James O. Born
Today we are proud to host the second part of the blog on Indie Publishing by Alexandra Sokoloff. Good writer, smart business person and sucker for letting me trick her into furnishing the blogs.
These days I can’t go a day without someone e mailing me or stopping me at whatever event I’m at, wanting me to tell them everything I know about indie publishing.
But what many of these people are asking for is a magic formula. They want a silver bullet, an easy answer to a vastly complicated question.
Have most of the people who ask me how to indie publish even read Huntress Moon? Even to the extent of downloading a free sample of it? (although if you can’t pay $3.99 for a book by an author whose methods you’re studying, do you really expect anyone to pay for your books when the time comes? Think about it. )
Have they looked at the book’s Amazon page to see how I put together the book description, the blurbs, the categories I’ve chosen to place the book in? Have they read the Amazon reviews to see how readers respond to the book? Have they looked at the pricing? Or the rank the book is in different genres and subgenres, and overall in the Amazon store?
Have they gone further and looked at the same information for the sequel, Blood Moon?
Those are all things that I did myself in my year of self-teaching, that I trained myself to do by studying auth
ors and books whose success I wanted to emulate. I did that kind of research extensively. That was just to start with. I then followed those authors and read what they had read, used the resources they had used. I never asked an author for advice unless I’d done all of that with their books first.
There’s no magic formula, and to make things even more complicated, the playing field changes month to month. You have to have a basis of knowledge to work from so you can make informed decisions as they come up. It’s a huge investment of time and energy. But so is anything worth doing.
So ask yourself: Am I willing to do what it takes? Or am I just looking for a silver bullet?
Be honest, because that's the first step. And if you are willing, then commit.
If you don’t have an agent and are considering doing directly to indie publishing, I would strongly suggest that along with writing the best damn book you can write, you do some reading every day on what indie publishing actually entails (editing, formatting, cover design, pricing, distribution, promotion, and the kitchen sink) so you are going into it with real knowledge.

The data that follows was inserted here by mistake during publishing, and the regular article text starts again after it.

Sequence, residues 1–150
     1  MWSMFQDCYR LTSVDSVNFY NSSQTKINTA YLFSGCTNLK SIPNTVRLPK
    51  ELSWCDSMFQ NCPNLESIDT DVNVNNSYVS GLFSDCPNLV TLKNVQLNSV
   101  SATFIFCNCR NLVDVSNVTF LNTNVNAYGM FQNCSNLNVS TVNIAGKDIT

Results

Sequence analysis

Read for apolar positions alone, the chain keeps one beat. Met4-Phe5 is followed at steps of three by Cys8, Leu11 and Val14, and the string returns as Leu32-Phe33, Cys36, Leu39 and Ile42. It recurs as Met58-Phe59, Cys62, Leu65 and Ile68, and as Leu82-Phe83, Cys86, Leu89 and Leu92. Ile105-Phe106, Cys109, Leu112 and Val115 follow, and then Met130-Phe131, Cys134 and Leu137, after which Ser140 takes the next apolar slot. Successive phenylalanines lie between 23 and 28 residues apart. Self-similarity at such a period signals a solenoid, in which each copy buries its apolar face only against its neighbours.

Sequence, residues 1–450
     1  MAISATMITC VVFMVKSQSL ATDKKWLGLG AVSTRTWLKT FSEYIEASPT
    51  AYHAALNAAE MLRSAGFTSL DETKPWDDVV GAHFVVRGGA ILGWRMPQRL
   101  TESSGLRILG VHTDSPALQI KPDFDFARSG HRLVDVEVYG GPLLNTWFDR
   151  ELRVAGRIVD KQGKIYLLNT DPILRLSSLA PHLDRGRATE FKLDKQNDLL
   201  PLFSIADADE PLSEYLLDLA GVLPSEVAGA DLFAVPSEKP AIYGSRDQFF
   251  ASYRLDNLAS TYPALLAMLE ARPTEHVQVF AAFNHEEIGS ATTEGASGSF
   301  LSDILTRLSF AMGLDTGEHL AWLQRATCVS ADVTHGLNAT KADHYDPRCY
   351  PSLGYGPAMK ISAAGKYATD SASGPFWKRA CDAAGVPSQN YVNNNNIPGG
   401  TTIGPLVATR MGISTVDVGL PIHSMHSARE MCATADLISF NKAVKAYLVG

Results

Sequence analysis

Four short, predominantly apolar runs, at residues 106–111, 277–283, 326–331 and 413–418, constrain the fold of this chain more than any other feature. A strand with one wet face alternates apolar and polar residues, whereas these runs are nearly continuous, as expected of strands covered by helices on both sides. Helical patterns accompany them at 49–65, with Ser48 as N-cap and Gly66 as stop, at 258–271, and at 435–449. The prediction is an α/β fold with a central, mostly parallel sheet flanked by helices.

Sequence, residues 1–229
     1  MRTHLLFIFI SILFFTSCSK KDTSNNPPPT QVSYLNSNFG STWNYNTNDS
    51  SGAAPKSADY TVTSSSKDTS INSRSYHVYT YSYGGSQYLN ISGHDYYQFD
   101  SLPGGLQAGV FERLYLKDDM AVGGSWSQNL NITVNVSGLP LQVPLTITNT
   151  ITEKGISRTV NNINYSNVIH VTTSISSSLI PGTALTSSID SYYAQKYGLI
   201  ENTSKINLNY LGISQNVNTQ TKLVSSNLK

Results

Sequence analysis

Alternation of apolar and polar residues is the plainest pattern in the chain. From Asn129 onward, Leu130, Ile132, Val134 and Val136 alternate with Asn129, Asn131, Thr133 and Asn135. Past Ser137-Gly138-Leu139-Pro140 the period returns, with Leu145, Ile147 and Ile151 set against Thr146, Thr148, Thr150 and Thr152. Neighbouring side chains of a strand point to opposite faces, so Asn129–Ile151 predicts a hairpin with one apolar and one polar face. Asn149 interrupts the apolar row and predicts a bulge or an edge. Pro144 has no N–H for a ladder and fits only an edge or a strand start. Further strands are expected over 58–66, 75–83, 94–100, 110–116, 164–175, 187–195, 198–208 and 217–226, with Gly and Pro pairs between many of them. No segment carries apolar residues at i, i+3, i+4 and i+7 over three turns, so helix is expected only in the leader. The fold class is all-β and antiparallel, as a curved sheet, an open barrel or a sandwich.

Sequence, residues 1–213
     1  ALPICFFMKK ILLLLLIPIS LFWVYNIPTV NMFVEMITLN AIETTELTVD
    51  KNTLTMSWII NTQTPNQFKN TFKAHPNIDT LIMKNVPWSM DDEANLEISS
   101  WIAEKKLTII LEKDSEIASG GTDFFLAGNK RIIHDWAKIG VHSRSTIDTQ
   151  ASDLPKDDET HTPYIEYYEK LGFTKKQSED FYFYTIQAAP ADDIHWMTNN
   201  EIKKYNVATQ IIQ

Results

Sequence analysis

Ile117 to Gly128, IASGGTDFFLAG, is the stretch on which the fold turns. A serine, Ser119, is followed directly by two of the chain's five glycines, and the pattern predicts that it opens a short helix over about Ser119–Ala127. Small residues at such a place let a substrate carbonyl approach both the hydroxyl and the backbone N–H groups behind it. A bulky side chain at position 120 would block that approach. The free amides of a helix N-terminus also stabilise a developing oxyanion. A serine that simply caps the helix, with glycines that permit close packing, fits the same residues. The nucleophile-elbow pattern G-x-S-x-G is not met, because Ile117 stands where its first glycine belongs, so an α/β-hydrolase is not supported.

And please hear me. I am not saying this is the way to go for a never-been-published author. For one thing, indie publishing works better if you have a number of books out. Also, going through the gauntlet of traditional publishing prepares an author to indie publish like boot camp prepares a soldier for war. I know how much editing it takes to come up with a clean and readable book. I know how much time I'll be spending marketing, and I have some idea of how and where to do that.
Already-published authors should also be warned: indie publishing is not the Gold Rush that it was just two years ago. There's a lot of competition out there.
Always bear in mind that doing all the jobs of a publisher takes time away from writing. Promotion always takes time away from writing, but if you’re your own publisher, it really takes time away from writing. It’s hard to build a product line when you’re spending at least half of your time marketing. I am now responsible for lining up all kinds of support people that my publisher has always provided: proofreaders, editors, cover designers, formatters, technical services — and there’s a lot of new technical stuff I’ve had to learn myself, which I must say is not my forte. It can be overwhelming. I doubt I would have done as well at it if I’d just been starting with one book.
I would also suggest that if we’re talking about your very first book, even if you’re leaning toward indie publishing, it doesn’t hurt to do a traditional submission to agents and see what happens. If you get several very good agents very excited about your book and talking about taking it to auction, you may well want to choose the agent who makes the most sense to you and roll the dice that way. If the book doesn’t sell, you can indie publish it.
Conversely, e publishing first does not preclude doing a traditional publishing deal later. In fact it’s more and more common for traditional publishers to pick up indie books that do well, for traditional re-release. Personally, I’ve just signed a deal with Amazon’s mystery and thriller imprint, Thomas & Mercer, to re-release the Huntress series, because I believe Amazon can bring a wider audience to the books, and having experts manage at least some of my books will give me more time to add a new series to my writing schedule. Whether I’ll publish that next series with Thomas & Mercer or by myself or in some other entirely different way will depend on where the market is when I finish the first of those books. And I’d be lying if I said I could predict that.
The bottom line is, there is an opportunity here that was never available to authors before, and that —is nothing but good news.